The title of the show suggests an unfortunate prophecy for Steve Pemberton, Mark Gatiss and Reece Shearsmith, who have taken their macabre characters through every possible medium, be it fringe show, radio show, television show, theatre tour (their first national tour was in 2000) and, most recently, feature film, a postmodern day out for the inhabitants of Royston Vasey. This pleasing stage show, however, did not immediately suggest that this grotesque era had yet ended; more that they were having a bit of a works do, where they could let their hair down a bit and become altogether fluffier.
Though the sinister edge was left blunt - as if Hilary Briss, The Demon Butcher of Vasey, had neglected his meat cleavers - the show zips along nicely. The first half is a cohesive story of how Legz Akimbo's earnest playwright Ollie Plimsolls auditions for a "Communativity". Thus, it is an opportunity to air cameo characters such as the amateur magician Dean Tavalouris, who comes across like Edward G Robinson meets Pee-Wee Herman, and the enjoyable Herr Lipp, lascivious and prolific with his endless, slimy innuendo (for example, on his football prowess: "I was good with my head" and "I rode the most fearsome of tackle").
I wondered if I was alone in thinking that Herr Lipp's imagined kiss with a schoolboy (played by Reece Shearsmith) and, later on, cursed vet Matthew Chinnery's allusion to female parts while onstage with a girl in her early teens, a volunteer from the audience, could still be considered rather daring. Certainly, these were the more edgy moments of the show.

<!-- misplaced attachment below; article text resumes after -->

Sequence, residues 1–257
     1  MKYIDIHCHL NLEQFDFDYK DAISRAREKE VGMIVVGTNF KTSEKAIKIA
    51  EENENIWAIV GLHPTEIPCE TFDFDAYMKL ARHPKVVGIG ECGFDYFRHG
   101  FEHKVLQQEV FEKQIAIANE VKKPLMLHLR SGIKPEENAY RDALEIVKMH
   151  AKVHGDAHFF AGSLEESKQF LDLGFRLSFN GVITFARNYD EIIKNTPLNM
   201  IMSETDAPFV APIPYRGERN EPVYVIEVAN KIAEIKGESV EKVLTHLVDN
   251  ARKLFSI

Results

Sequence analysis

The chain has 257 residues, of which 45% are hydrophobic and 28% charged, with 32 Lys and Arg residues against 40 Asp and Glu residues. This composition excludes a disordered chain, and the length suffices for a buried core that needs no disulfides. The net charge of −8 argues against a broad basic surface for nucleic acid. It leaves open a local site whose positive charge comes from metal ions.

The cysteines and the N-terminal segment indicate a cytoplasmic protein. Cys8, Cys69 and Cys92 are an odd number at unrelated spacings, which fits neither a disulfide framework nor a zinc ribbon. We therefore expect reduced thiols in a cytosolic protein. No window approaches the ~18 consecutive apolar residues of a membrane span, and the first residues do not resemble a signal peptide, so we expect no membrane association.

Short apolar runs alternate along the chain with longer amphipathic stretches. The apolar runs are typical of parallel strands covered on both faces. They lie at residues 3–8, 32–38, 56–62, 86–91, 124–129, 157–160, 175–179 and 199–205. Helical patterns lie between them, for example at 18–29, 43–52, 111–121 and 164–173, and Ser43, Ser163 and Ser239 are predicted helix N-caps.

The less cohesive and crowd-pleasing second half parades the frontline characters as the now-abandoned "communativity" is hastily changed into the panto amalgam "Cinder Dick Gets Wood In the Seven Pussies". The formidable job-restart officer Pauline enters to "It's Raining Pens", a re-drafting of the Weather Girls' hit to suit her motif. It's a suitably brash opening from the panto dame to upend all panto dames.
The momentum is held together well by most of the "big" names aside from Pauline (including the always superbly preposterous Papa Lazarou or Abernazarou as he is tonight; and the aforementioned Chinnery). The Tattysrups portion in the local shop at the end of the show is underwhelming, however, and a chat-show sketch between female vicar and agony aunt Bernice Woodhall and one of Santa's dwarves is one of the few completely throwaway sketches.
Comparison between The League of Gentlemen and Little Britain have been made before and, with the two live shows touring concurrently, are inevitable now. Tonight's show was a reminder that the League's creations are not as catchphrase dependent as Little Britain's, and while the offering may not be the purest manifestation of Royston Vasey's finest, the dexterity of the performers and the depth of their creations are undeniable.
Touring to 14 December (see www.thisisalocalshop.com for details)Reuse content